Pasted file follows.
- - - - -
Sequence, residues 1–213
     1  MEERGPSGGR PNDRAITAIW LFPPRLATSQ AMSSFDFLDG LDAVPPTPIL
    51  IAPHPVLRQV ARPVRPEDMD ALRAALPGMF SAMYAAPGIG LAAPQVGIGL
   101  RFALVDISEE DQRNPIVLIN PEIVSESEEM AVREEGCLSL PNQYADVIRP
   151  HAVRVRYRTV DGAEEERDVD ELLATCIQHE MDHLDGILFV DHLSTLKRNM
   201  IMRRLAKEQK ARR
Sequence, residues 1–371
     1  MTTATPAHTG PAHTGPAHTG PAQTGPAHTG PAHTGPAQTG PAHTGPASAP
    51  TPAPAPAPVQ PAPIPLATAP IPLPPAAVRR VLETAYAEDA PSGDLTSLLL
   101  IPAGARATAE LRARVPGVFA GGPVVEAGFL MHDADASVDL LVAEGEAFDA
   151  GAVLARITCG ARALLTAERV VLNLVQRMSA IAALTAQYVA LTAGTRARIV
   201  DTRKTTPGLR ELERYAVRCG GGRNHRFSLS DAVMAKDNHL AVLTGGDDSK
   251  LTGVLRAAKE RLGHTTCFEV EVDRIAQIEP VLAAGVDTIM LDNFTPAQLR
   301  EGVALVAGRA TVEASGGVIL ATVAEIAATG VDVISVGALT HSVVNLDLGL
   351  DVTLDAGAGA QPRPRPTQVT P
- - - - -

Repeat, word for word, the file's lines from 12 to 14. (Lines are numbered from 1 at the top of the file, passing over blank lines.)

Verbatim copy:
   201  DTRKTTPGLR ELERYAVRCG GGRNHRFSLS DAVMAKDNHL AVLTGGDDSK
   251  LTGVLRAAKE RLGHTTCFEV EVDRIAQIEP VLAAGVDTIM LDNFTPAQLR
   301  EGVALVAGRA TVEASGGVIL ATVAEIAATG VDVISVGALT HSVVNLDLGL